NC Democrats pan GOP plan for schools, Smart Start
House Democrats say the $1.2 billion in proposed education cuts for next year rolled out by their Republican counterparts this week are reckless and could lead to more than 20,000 job losses unless the GOP agrees to extend some of the temporary taxes set to expire.Posted — Updated
Minority Leader Joe Hackney and others on Thursday derided the plan that the Department of Public Instruction says would eliminate money for more than 12,000 staff positions, more than two-thirds of them teacher assistants in the second and third grades.
"The proposed education budget cuts are stunningly massive and horrifyingly destructive," said Rep. Rick Glazier, D-Cumberland.
The North Carolina Association of Educators said several thousand more public school workers would lose their jobs through discretionary cuts placed upon local districts.
"This sets us way back," said Hackney, D-Orange. "The number of years that it sets us back, you could argue. Is it 20 years, 15 or 30?"
House Republican leaders blame the current crisis on the fiscal mismanagement of previous Democratic legislatures.
"Government must get real. We must live within our means," said Rep. Harold Brubaker, R-Randolph.
"This budget starts us on a process of reforming a public education system that has not worked well," said Rep. Hugh Blackwell, chairman of the House Appropriations Subcommittee on Education.
Advocates for early childhood education and women's health also criticized GOP plans to hold back funds for Smart Start and Planned Parenthood.
"These programs are absolutely critical," Millbrook Elementary School Principal Paula Trantham said of Smart Start and More at Four, noting low-income, at-risk children learn critical skills in the pre-kindergarten classes.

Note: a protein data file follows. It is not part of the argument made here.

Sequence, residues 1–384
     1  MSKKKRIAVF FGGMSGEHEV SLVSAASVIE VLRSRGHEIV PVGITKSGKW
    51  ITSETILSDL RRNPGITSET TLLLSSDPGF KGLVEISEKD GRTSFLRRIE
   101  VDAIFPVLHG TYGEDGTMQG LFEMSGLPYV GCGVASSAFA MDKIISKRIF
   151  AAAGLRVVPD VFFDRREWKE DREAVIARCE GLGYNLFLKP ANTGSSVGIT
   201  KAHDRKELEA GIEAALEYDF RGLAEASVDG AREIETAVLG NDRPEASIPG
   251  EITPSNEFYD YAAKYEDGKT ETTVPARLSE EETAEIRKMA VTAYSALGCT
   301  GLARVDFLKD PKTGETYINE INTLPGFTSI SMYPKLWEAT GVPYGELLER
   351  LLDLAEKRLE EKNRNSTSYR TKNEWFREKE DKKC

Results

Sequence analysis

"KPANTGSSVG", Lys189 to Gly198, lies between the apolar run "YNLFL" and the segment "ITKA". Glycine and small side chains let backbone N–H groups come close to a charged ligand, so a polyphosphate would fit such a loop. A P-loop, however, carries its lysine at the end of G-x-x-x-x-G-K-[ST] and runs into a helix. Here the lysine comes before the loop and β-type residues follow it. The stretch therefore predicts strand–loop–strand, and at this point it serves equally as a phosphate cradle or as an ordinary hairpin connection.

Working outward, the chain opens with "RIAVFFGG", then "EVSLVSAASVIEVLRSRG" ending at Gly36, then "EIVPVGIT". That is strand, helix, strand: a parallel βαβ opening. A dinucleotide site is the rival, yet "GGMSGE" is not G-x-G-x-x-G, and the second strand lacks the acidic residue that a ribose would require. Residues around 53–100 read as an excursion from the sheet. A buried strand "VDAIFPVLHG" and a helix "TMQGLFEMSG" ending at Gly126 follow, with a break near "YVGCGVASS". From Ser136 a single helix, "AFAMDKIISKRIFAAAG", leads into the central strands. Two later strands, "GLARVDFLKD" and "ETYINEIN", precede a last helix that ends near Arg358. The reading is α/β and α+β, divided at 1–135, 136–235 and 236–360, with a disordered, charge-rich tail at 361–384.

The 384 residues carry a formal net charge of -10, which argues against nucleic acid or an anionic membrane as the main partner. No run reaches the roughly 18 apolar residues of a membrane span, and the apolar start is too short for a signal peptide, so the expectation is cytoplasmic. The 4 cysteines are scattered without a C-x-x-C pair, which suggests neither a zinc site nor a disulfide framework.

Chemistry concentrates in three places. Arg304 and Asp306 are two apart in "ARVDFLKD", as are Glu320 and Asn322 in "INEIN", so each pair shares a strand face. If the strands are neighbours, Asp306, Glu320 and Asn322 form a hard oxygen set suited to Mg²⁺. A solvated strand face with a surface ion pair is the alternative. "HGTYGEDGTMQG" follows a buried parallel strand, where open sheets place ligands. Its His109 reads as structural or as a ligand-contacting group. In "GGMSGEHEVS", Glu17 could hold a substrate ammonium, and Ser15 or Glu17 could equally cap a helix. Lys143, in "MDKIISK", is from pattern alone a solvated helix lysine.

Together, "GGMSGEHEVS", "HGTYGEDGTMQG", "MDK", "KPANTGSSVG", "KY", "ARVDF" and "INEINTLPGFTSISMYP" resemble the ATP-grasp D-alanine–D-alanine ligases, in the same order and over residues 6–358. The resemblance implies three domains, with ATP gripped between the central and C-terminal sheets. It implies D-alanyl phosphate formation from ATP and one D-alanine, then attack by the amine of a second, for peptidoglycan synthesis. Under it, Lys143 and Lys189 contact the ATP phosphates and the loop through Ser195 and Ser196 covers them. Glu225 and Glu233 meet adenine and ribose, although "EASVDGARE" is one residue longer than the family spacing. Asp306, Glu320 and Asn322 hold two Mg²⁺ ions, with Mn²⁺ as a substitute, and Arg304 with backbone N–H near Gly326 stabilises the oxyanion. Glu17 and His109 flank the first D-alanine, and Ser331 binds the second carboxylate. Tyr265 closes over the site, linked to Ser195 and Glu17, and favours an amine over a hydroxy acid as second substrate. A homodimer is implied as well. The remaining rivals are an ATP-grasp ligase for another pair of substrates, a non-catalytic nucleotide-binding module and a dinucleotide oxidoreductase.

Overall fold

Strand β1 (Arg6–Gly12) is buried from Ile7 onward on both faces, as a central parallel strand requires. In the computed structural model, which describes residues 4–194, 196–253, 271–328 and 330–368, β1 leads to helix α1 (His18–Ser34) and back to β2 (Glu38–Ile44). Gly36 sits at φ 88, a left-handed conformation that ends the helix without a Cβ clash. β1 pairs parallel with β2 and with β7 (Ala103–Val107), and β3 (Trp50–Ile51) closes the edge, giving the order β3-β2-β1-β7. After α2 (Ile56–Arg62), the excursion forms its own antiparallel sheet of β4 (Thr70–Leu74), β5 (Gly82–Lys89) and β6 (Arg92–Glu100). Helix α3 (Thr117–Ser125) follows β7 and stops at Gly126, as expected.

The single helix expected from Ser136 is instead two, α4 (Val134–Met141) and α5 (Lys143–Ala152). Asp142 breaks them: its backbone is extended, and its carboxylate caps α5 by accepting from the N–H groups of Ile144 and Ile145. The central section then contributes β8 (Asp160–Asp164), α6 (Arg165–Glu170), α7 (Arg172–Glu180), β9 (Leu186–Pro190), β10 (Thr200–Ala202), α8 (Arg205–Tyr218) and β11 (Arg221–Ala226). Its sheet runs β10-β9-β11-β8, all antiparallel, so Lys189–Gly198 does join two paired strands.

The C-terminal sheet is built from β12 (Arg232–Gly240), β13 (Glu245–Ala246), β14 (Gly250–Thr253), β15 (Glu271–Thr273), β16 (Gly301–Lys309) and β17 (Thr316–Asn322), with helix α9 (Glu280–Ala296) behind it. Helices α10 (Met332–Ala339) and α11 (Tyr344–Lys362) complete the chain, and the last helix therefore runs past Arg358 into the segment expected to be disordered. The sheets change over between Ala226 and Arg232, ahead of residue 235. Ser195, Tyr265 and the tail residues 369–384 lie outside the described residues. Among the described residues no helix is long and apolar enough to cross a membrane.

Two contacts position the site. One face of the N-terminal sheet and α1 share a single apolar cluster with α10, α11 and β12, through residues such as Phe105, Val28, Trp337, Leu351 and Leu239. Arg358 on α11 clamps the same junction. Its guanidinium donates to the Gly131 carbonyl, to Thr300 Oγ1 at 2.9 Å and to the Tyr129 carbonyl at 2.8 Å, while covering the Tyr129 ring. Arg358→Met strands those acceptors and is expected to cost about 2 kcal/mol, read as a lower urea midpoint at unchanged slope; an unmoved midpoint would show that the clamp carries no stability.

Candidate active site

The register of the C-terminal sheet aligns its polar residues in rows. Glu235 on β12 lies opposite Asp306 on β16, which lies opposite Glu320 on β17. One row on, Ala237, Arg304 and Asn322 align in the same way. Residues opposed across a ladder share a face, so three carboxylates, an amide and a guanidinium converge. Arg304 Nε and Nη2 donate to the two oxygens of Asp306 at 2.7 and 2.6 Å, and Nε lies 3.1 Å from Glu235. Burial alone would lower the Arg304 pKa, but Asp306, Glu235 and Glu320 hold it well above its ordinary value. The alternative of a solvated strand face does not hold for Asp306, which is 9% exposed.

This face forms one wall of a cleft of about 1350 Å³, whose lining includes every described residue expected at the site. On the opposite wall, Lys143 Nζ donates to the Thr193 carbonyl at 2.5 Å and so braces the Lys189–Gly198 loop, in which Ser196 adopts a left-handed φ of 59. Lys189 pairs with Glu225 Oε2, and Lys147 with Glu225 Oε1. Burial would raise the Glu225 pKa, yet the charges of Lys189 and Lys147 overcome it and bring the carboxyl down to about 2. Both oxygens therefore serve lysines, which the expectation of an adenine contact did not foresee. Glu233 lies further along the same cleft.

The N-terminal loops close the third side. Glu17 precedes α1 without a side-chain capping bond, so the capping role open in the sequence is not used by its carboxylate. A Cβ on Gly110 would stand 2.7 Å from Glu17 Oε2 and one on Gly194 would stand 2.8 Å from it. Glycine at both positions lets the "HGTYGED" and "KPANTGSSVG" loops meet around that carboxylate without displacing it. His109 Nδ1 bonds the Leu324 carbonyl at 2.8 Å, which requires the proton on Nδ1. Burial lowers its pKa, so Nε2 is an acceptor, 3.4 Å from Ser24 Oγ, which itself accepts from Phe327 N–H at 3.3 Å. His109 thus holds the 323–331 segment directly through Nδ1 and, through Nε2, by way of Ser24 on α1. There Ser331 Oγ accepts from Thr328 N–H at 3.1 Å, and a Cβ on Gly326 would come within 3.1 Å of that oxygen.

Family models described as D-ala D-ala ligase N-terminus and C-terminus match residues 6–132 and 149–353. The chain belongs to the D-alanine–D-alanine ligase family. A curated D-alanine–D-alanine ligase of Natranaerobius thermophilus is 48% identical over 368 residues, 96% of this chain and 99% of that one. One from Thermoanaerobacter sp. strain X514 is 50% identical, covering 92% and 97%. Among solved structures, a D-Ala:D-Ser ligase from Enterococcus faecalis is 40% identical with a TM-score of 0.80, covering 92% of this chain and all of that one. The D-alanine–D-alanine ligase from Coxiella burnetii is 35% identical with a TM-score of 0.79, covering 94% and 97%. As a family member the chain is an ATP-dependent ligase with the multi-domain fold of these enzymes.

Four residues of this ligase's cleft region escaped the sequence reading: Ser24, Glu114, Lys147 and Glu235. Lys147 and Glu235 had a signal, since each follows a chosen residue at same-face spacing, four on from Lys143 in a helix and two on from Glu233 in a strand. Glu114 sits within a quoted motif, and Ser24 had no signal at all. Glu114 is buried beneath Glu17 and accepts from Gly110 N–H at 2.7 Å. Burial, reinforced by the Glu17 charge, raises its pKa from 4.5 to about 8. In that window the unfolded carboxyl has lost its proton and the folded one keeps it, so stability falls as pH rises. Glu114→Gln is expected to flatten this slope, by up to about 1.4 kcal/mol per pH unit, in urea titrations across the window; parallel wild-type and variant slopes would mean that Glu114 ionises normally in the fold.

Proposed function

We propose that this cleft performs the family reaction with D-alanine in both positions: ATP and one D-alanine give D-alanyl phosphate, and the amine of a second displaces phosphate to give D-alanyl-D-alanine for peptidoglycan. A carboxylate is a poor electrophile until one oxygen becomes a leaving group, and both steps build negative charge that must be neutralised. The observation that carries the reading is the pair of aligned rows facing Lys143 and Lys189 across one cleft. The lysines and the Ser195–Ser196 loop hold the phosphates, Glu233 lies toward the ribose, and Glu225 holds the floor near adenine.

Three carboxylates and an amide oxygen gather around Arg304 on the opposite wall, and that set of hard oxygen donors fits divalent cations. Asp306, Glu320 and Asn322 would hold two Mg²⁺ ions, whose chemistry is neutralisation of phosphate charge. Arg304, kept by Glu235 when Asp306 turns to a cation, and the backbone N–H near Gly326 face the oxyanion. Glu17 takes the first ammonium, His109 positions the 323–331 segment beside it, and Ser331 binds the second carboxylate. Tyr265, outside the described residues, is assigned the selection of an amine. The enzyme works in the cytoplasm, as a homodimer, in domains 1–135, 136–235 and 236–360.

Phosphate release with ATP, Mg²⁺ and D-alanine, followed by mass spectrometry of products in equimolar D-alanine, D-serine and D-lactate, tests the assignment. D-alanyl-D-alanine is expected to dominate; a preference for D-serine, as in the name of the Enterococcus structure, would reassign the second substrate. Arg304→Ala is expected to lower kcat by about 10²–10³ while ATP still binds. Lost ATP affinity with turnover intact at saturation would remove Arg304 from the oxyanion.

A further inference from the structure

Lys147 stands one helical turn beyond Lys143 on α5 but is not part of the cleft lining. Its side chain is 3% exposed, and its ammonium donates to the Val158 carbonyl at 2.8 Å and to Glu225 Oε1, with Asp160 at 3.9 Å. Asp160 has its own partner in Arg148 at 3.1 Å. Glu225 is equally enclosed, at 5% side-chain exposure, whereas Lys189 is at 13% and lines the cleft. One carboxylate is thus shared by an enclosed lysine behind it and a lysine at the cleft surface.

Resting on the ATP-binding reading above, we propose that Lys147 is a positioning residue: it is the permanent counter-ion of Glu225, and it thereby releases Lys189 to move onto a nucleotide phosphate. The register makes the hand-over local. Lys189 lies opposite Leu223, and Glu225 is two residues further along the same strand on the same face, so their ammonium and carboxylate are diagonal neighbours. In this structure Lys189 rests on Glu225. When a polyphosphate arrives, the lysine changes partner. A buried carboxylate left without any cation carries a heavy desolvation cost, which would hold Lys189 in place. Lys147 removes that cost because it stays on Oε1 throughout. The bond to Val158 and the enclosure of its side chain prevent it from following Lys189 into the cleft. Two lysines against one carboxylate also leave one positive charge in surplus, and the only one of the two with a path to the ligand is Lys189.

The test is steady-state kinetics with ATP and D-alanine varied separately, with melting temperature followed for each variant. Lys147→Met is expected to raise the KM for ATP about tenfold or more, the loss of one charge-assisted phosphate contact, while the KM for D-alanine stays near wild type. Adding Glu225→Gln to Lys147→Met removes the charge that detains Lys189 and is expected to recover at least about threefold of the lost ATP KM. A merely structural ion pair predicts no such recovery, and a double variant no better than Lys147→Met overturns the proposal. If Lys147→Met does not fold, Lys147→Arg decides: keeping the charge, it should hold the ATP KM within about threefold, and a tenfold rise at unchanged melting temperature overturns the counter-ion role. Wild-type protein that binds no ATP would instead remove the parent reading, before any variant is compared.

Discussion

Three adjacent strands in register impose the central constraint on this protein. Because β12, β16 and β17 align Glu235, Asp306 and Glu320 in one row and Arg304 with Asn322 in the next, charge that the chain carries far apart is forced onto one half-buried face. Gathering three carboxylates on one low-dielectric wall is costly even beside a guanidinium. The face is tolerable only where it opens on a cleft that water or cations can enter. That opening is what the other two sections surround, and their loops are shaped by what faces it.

"They know the basics to be successful in kindergarten. They know socially how to get along with others," Trantham said. "We don't want them to come in the door on the first day of kindergarten already behind."
Smart Start and More at Four face cuts of at least 30 percent in the House budget proposal. Even more alarming to some More at Four supporters is the possible shift of the program from the Department of Public Instruction to the Department of Health and Human Services.
"Moving it to the Division of Childhood Development, I think, would effectively end state-funded pre-kindergarten as we know it," said John Pruette, executive director of DPI's Office of Early Learning.
Pruette and others fear More at Four will become a day-care program instead of a childhood educational effort.
"If it turns out that way, I think that'll be a mistake, and I would be concerned about it," said Blackwell, R-Burke.
The University of North Carolina system would have to cut spending by 15 percent across its 17 campuses. Chancellor Holden Thorp said the $75 million cut to UNC-Chapel Hill would cause deep pain at the undergraduate level.
"It's too deep to manage without making qualitative changes in the programs the university offers, unless they come up with a way to provide revenue to fill the hole," Thorp said.
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